I don’t want your fast and your sacrifice. I want you to share your food with the hungry and to provide the poor wanderer with shelter—when you see the naked, to
clothe him, and not to turn away from your own flesh and blood.” –Isaiah 58:5-7
Temple Beth Or recently received a grant through Seattle University’s School of Theology and Ministry to address the crisis of family homelessness.
The ORacle, June-July 2012 Issue
This project brings together fourteen faith communities throughout Snohomish, King, and Pierce Counties. Because of recent budget cuts, more responsibility is falling on faith communities for support services. I am very much looking forward to building relationships and partnering with other local faith communities as we address this crisis. The other grant recipients include:
Ahmadiyya Community, Lynnwood
All Saints Catholic Church, Puyallup
Church of the Nazarene, Puyallup
Islamic Center, Shoreline
New Life Church, Renton
St. Mark’s by the Narrows, Tacoma
Temple De Hirsch-Sinai, Seattle/Bellevue
Alki United Church of Christ, West Seattle
United Church, Arlington
First Presbyterian, Everett
Masjid Al-Karim, Seattle
Peoples Institutional Baptist Church, Seattle
Temple Beth El, Tacoma
In addition, the grant offers community partnering in the Church Council of Greater Seattle, Associated Ministries (in Tacoma), and the Interfaith Association of Northwest Washington. This partnership allows grant recipients to utilize the expertise of organizations that are already fighting family homelessness.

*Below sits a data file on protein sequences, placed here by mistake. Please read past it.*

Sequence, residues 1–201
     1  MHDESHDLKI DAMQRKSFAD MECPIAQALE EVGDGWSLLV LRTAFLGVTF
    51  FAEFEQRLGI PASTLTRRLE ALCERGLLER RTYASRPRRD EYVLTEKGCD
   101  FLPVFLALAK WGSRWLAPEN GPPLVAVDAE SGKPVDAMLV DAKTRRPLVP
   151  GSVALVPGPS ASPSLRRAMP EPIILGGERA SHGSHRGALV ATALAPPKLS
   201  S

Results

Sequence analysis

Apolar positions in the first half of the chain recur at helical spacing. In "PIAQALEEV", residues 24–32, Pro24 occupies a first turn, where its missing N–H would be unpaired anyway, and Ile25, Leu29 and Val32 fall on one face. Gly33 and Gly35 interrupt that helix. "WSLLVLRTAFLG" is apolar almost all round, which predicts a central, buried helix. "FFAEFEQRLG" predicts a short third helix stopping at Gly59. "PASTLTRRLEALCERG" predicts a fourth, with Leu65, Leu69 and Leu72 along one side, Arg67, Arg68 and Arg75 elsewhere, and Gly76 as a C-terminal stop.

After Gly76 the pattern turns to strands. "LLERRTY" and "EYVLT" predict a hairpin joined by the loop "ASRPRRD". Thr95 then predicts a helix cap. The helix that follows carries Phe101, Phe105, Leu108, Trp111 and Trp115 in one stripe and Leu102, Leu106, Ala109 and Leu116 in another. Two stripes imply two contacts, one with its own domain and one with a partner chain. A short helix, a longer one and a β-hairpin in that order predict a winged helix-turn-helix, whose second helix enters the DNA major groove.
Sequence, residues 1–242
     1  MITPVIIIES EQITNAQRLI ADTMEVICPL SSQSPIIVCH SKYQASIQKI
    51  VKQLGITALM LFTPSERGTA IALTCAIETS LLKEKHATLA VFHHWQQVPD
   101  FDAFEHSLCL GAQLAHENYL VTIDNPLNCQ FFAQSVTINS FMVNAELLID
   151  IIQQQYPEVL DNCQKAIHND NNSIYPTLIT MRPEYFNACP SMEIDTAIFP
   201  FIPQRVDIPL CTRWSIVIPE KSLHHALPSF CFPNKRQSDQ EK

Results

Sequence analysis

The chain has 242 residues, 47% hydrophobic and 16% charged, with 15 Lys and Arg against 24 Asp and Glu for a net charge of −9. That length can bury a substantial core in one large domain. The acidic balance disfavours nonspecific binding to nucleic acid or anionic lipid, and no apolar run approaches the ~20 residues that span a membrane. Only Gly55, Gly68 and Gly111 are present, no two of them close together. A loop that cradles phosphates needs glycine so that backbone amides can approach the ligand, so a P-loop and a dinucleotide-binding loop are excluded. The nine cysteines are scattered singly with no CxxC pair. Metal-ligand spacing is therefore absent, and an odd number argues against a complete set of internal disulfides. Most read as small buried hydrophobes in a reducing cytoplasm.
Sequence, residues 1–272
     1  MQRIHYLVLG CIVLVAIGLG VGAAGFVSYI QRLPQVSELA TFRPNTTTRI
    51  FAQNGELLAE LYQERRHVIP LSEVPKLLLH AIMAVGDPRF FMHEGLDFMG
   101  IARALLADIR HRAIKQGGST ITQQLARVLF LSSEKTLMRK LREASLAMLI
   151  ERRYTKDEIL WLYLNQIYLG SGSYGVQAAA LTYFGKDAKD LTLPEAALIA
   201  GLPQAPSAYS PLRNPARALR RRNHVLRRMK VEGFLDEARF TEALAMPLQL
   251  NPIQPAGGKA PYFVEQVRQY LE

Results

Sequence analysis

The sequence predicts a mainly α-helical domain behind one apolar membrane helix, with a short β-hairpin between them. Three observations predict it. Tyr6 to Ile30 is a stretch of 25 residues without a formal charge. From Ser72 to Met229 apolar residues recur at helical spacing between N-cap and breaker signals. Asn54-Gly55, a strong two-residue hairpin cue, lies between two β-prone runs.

The specific requirements of the grant are quite open, although the emphasis is on congregational education and advocacy rather than direct service. Temple Beth Or’s Social Action Committee is working to develop a project that may include speakers, multimedia experiences, and direct service. Temple Beth Or has up to $10,000 for our project. If you are interested in being a part of the Social Action Committee, please contact Naomi Katsh or Ward Hinds at email@example.com .
The Eternal commands us to provide for those who cannot speak for themselves with respect and dignity. Our tradition offers a path to draw close to the Divine through action, not just through prayer. There is a moving story about the connection between religion and social justice. After participating in the civil rights march in Selma, Alabama, Rabbi Abraham Joshua Heschel said, “It felt like my feet were praying.” Prayer is not just the communication we have with God; it is also the work we do to make God’s values real to the world. I believe the Eternal receives both kinds of prayer with equal joy.
Eternal Source of Peace, we thank You for the sense of justice You have implanted within each of us. Grant us the fortitude to pursue justice no matter how difficult that task may be. We are grateful for the many privileges we have and the opportunity to help others. Guide us, that we may succeed in our mission to perfect the world and learn from others.
May we, by our thoughts and our deeds, hasten the time when wrong and violence shall cease, and justice shall prevail.
Livracha, With Blessings,
Rabbi Jessica Kessler Marshall